The challenge is applying the right price and the right promotion to the right product. Some strategies work better for some products than for others, or under different circumstances. To fully understand what levers work on products or don’t, you need to recognize their true gestalt, which is how customers perceive products.
Sometimes, it’s simple. Turns out that color can be very important for some categories. For example, smart wristbands in black will always work better than more colorful and otherwise identical models. Other times, consumer preferences have a more complex basis, and it is the combination of several features that make up for a winning product. Single-bottle, premium-brand drinks attract young professionals, whereas 8-packs of cheaper brands attract large families. And in other cases, typically in fashion & apparel, consumer attraction is even more subtle and cannot be simply or logically described, except perhaps by “expert” trend setters.
To fully understand what levers work on products or don’t, you need to recognize their true gestalt, which is how customers perceive products.
Consumers don’t spend a lot of time thinking this through. By glancing at the image of a product on the internet, reading through its description and skimming the specifications, a consumer makes a determination of the value of a product, and whether the price and promotion make it a good deal. How can we use machines to replicate this process so that retailers can better understand consumers and offer the right price/promotion?
The limitations of fixed data fields
Retailers have for years relied on fixed data fields—such as bottle vs. can, volume, added sugar or not—that they fill in manually whenever listing a new product. This information can be used for AI-driven pricing or promotional planning. The machine-learning algorithm learns from observed sales history, and, by matching against product attributes, is able to generalize and better predict the retail outcome for both old and newly listed products.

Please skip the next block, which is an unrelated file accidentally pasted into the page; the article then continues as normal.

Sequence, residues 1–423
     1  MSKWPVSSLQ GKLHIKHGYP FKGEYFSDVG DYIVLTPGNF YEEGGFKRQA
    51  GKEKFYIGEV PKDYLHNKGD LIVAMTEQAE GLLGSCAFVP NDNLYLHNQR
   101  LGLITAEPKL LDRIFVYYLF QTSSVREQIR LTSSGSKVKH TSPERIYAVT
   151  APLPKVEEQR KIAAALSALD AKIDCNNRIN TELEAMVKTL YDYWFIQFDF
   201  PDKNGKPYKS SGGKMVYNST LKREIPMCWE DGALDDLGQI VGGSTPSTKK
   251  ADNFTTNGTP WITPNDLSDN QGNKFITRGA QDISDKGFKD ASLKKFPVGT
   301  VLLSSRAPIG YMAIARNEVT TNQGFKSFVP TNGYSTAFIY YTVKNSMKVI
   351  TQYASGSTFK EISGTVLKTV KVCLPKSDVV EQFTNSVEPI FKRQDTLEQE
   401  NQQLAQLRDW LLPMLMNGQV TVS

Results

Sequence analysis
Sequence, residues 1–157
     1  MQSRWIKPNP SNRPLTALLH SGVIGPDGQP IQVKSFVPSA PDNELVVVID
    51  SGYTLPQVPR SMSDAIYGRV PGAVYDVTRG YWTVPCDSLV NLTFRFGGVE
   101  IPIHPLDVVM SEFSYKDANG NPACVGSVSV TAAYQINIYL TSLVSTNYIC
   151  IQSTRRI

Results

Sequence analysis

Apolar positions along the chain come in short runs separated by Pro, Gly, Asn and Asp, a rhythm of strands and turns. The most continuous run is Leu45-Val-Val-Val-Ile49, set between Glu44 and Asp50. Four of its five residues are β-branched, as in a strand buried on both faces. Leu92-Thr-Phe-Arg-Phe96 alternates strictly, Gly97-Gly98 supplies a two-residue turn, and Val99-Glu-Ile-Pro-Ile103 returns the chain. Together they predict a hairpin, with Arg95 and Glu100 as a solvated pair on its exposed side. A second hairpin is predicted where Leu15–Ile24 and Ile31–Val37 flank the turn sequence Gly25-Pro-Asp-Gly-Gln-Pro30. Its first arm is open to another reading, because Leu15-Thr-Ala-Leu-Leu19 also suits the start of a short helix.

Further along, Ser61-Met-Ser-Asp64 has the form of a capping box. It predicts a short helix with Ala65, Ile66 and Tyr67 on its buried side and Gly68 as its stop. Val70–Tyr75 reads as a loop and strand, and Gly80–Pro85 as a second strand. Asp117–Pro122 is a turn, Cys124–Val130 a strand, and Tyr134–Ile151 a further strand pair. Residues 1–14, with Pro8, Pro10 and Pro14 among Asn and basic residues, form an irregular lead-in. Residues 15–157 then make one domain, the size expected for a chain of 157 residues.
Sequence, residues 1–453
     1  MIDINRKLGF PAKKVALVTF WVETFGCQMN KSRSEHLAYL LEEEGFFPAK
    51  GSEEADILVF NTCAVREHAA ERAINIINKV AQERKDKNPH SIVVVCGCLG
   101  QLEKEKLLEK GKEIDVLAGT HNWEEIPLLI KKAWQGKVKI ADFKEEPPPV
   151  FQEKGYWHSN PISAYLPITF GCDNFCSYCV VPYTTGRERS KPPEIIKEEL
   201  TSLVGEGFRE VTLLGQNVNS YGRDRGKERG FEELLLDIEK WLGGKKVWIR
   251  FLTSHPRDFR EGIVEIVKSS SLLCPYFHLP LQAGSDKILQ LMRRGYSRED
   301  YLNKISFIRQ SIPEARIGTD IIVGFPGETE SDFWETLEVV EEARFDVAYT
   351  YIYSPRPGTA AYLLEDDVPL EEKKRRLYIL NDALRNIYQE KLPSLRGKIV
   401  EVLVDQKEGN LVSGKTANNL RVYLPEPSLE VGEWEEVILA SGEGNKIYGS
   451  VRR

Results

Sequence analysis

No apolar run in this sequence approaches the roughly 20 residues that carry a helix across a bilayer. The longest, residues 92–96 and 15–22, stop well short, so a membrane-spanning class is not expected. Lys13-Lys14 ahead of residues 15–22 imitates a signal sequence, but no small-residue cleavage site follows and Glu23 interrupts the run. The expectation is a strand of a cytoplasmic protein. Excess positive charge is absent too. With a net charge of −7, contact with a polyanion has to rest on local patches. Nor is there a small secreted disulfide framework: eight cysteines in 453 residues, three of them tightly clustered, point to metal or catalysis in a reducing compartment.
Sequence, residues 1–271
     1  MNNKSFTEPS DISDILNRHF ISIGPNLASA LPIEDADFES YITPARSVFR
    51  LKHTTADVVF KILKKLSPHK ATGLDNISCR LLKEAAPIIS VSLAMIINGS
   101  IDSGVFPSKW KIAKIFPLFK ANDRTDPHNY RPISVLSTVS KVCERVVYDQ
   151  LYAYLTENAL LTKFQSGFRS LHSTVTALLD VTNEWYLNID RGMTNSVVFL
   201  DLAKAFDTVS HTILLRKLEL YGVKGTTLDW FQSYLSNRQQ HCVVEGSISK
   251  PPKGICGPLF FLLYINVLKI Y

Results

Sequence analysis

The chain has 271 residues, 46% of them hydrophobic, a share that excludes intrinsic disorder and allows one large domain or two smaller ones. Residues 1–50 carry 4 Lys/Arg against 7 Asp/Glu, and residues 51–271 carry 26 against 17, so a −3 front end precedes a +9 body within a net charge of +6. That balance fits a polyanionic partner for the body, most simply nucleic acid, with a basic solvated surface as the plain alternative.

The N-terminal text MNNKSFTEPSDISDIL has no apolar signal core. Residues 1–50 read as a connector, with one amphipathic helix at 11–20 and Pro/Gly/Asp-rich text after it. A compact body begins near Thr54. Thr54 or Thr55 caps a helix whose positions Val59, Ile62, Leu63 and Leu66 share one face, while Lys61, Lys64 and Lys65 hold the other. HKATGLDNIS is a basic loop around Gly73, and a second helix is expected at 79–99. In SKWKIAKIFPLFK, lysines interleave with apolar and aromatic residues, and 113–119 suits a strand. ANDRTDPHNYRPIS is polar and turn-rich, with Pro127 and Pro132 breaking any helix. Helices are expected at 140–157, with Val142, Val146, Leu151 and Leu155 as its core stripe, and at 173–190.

That’s in theory. From our experience across most of our clients, retailers are too busy to fill out such databases, especially for “long-tail” products. This is where AI can play a decisive role. It can fill out the databases, by assigning attributes from the products for which the information was correctly filled in. These algorithms typically rely on Natural Language Processing techniques when learning from the product descriptions, or Computer Vision when learning from the product images.
However, even if all the typical fixed-data fields are filled in, either by the retailers or the algorithms, these fields do not do a very good job of describing product subtleties—like color, shape, allure, scent, logo, placement, and so on. Even though the information should be included in the product appearance or description, they are difficult to extract and fit into a set of static fields.
AI will explain why a certain product might be a new trendsetter next year—essentially replacing human judgement to make a qualitative assessment based on its own learnings about how people perceive products.
“Deep learning” to define critical product attributes
“Deep learning”—another application of AI—can provide nuanced insights to fully understand a product, its true gestalt. A deep-learning algorithm is a stack of many (often hundreds) of neurons. The external layer classifies the category of a product (soda, dress, watch), whereas the internal layers represent the product image or description, capturing implicit information such as color, shape, style, design, or flavor. Except for basic commodities, this nuanced information is much more important to consumers than such basic product attributes such as, say, size and volume. Thus, applied to a specific machine-learning pricing algorithm, this new information, which goes far beyond standard fixed-field data, can help predict the likely sales outcome at different price levels.
Tomorrow, AI will help make classic business decisions—how much to produce, where to distribute, how to price, how to promote, whom to target, and so on. This next frontier for deep-learning moves from individual algorithms trained to perform a specific task on a single dataset—to multi-purpose algorithms answering multiple challenges at once. AI will explain why a certain product might be a new trendsetter next year—essentially replacing human judgement to make a qualitative assessment based on its own learnings about how people perceive products. And AI will be more effective in doing so than any human.